Deacon Robert Campbell, right, blesses ashes before distributing them to...

Deacon Robert Campbell, right, blesses ashes before distributing them to parishoners at St. Raymond's Roman Catholic Church in East Rockaway on Ash Wednesday. (March 9, 2011) Credit: Kevin P. Coughlin

The language used in the Roman Catholic Mass since Latin was abandoned 40 years ago is undergoing a change, and it promises to be startling even for some of those who support the new wording.

When the priest says, "The Lord be with you," the response will shift from "And also with you" to "And with your spirit." In the statement of faith in the Nicene Creed, parishioners will exchange saying that Jesus is "one in being with the Father" with Jesus is "consubstantial with the Father."

Catholic leaders say the rewording -- among dozens of changes to the main Roman Catholic prayer book slated to go into effect Nov. 27 at the start of Advent -- is intended to provide a better translation of the Latin than was originally done four decades ago. But even they acknowledge it will not be an easy transition, though in the end they believe Catholics will embrace and celebrate it.

"Obviously it's dealing with changing something that is dear to people's hearts," said the Rev. Richard Hilgartner, who is overseeing the introduction of the new Roman Missal for the Washington D.C.-based U.S. Conference of Catholic Bishops, the main organization representing the hierarchy of the U.S. Catholic Church. "Even at first glance, people's reaction is immediately, 'Why are we doing this?' . . . the more people learn about it, the more they appreciate it and understand it."

The Rev. Bill Brisotti, pastor of Our Lady of the Miraculous Medal Roman Catholic Church in Wyandanch, disagreed.

"I'm not happy with the way it's been done. It leaves a lot to be desired," he said. "You wind up with a convoluted way of speaking in English."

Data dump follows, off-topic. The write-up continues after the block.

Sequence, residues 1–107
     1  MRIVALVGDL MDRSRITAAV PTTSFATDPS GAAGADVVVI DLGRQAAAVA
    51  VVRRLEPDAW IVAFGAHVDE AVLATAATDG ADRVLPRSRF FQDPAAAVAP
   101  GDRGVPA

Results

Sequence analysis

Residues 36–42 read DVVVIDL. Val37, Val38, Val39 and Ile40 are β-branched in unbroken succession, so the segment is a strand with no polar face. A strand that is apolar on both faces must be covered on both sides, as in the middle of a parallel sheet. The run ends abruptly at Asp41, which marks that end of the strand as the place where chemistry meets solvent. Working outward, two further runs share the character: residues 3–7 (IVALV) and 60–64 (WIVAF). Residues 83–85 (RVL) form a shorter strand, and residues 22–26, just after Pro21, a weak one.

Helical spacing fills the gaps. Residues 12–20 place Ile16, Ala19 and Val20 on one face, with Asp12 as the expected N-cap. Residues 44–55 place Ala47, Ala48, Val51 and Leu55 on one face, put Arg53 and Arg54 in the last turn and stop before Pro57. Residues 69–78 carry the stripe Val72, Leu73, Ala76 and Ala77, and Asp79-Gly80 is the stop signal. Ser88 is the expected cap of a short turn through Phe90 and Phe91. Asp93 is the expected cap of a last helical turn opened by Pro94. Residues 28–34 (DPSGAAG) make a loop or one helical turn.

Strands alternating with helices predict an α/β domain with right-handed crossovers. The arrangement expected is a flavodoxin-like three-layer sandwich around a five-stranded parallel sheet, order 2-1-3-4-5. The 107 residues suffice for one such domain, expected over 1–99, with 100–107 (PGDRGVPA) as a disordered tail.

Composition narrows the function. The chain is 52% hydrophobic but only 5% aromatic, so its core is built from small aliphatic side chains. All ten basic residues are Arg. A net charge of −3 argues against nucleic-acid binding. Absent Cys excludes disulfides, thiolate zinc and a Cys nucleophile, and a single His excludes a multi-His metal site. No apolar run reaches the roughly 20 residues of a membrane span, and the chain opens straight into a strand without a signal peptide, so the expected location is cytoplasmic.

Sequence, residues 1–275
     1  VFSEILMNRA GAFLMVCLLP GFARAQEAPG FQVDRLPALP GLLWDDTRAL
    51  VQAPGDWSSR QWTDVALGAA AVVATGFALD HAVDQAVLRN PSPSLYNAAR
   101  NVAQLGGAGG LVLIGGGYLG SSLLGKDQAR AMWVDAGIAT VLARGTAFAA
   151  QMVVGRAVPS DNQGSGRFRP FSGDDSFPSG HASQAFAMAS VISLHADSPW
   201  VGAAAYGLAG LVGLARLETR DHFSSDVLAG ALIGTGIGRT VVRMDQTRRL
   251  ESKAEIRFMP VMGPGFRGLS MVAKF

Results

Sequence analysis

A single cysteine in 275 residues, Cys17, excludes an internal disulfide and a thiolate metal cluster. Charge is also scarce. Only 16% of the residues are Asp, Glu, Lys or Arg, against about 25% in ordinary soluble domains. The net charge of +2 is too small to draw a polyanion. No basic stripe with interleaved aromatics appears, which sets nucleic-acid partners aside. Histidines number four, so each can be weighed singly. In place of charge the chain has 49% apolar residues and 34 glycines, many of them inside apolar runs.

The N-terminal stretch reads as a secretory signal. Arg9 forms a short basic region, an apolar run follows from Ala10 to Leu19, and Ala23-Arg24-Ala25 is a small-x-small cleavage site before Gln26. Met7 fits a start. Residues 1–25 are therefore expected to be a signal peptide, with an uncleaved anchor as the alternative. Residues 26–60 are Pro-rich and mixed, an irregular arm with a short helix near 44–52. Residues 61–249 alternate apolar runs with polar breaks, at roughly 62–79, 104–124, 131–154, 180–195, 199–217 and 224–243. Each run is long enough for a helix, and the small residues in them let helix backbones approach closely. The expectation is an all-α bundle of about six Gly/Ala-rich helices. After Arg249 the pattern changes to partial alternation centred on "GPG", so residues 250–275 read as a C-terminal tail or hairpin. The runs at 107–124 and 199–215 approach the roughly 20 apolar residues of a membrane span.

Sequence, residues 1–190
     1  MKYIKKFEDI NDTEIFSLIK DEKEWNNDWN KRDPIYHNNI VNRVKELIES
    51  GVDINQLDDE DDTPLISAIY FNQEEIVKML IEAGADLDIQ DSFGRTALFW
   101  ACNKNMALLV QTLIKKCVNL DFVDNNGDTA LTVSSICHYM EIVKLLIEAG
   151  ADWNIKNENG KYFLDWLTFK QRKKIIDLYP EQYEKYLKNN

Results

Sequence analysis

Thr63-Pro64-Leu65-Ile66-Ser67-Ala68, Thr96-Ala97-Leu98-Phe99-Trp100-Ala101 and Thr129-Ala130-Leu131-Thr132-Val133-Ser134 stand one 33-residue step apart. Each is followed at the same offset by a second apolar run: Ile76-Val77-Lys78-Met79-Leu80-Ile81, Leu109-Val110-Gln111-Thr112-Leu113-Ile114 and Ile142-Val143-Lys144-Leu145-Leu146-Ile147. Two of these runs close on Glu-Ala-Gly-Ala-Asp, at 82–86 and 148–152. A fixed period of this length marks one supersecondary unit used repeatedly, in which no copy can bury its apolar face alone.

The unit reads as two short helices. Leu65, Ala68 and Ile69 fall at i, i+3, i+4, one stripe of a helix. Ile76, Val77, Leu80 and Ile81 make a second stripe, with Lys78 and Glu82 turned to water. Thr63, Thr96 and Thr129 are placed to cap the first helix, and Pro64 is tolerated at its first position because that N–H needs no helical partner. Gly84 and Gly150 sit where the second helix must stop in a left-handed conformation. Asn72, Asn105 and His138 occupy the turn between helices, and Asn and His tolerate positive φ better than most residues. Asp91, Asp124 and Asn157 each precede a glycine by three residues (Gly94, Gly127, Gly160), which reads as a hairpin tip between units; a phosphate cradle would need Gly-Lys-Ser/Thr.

But the Rev. Christopher Nowak, pastor of St. John of God Church in Central Islip, said church leaders were simply aiming for a more literal translation from the Latin. "There's a beauty in it. It's just going to take some getting used to," he said.

Hilgartner said the Roman Missal has undergone several revisions and editions since the English language version was first used in the early 1970s after Vatican II permitted Mass to be celebrated in local languages rather than Latin. The requirements for translations were looser then, he said, and ended up with some less than optimal phrasings.

Ed Thompson Sr., a longtime Catholic parishioner from Farmingdale, said he thought the new wording is an attempt by the Vatican and Church hierarchy to underscore the primacy of the priest at the Mass at the expense of the laity.

Hilgartner said that was not the intention, though he was "shocked" when he first read the new wording because "it was so drastically different from what I was used to."

"It's going to be a bit more formal," he added. "There's a sense the language of prayer ought to be something distinct and unique."

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